The man who combined the iconic “Little Black Dress” for Audrey Hepburn’s opening scenes in Breakfast at Tiffany’s was also obliged for styling Hollywood screen sirens Elizabeth Taylor and singer Grace Kelly, who became Princess of Monaco, in the 1950s and 1960s.
But his many famous client was Hepburn, whom he met when he dressed her for the romantic comedy, Sabrina.
She once pronounced of him: “His are the only garments in which we am myself. He is distant some-more than a couturier, he is a creator of personality.”
His designs for the actress’s habit for films including Paris When It Sizzles, Lone in the Afternoon, Funny Face and How to Steal a Million done them both character icons.
Givenchy’s partner, former haute couture engineer Philippe Venet, pronounced he died in his nap in their Renaissance castle nearby Paris on Saturday.
His tag described him as “a pitch of Parisian magnificence for some-more than half a century… who revolutionised fashion”.
Givenchy was among the chosen organisation of Paris-based designers including Christian Dior, Yves Saint Laurent and his mentor, Christobal Balenciaga, who spearheaded the resurgence of haute couture and scrupulous stylish after the purgation years of the Second World War.
He changed to Paris to study at the a age of 17 and founded The House of Givenchy in 1952, aged 25 – the youngest engineer of the on-going conform scene.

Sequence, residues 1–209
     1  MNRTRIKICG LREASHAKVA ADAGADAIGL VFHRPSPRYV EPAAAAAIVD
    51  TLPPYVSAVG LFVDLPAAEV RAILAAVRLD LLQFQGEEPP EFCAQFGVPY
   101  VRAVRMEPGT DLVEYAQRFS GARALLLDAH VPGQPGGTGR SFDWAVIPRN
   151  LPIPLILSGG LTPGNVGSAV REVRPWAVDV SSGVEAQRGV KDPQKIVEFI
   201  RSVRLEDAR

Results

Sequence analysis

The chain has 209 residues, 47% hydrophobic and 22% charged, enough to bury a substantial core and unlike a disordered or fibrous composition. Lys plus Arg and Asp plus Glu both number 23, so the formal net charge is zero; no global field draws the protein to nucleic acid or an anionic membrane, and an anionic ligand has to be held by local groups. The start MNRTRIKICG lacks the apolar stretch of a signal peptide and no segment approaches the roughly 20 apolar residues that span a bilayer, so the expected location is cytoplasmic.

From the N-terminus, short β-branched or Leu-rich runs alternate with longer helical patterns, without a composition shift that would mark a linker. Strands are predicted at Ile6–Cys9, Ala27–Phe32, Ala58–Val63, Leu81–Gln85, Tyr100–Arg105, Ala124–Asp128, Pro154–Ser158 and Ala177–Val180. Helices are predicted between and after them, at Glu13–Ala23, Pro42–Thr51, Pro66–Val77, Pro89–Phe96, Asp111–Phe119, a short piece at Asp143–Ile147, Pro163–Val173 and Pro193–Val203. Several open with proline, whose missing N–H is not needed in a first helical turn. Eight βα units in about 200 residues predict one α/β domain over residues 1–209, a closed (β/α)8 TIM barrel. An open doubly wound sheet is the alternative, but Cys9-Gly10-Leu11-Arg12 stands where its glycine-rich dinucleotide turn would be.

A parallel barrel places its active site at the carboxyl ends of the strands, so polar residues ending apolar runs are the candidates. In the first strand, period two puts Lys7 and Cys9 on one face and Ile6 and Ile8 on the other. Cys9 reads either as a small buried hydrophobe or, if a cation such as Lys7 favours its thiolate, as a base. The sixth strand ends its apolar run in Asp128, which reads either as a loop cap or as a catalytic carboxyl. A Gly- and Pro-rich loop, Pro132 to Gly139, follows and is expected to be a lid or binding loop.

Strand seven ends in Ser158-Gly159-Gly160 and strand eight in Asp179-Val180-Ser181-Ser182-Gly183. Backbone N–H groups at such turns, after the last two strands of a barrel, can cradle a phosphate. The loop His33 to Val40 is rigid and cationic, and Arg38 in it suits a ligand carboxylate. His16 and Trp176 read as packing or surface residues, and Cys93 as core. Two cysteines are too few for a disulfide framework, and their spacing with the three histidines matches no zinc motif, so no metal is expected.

“To dress a lady is to make her beautiful,” Givenchy once said.
“In haute couture, we are cosmetic surgeons, erasing imperfections and enlightening the silhouette… for isn’t a couturier a wizard of sorts, who creates apparition and maybe beauty itself.”
Jackie Kennedy wore Givenchy for the wake of her husband President John F Kennedy in 1963.
Fellow couturiers Yves Saint Laurent, Paco Rabanne, Christian Lacroix and Valentino had front quarrel seats for his final couture show in Jul 1995 at the prosperous Grand Hotel at the Paris Opera.
An romantic Givenchy brought on all his constant “petites mains” seamstresses to share the applause.
Givenchy retired in 1995, and was succeeded by John Galliano, Alexander McQueen, Julien Macdonald and Italy’s Riccardo Tisci.
The conform house’s stream arch designer, British-born Clare Waight, pronounced Givenchy was “not only one of the many successful conform total of the time, whose bequest still influences complicated day dressing, but he also was one of the chicest many desirable men we have ever met”.
“The clarification of a loyal lady that will stay with me forever,” she added.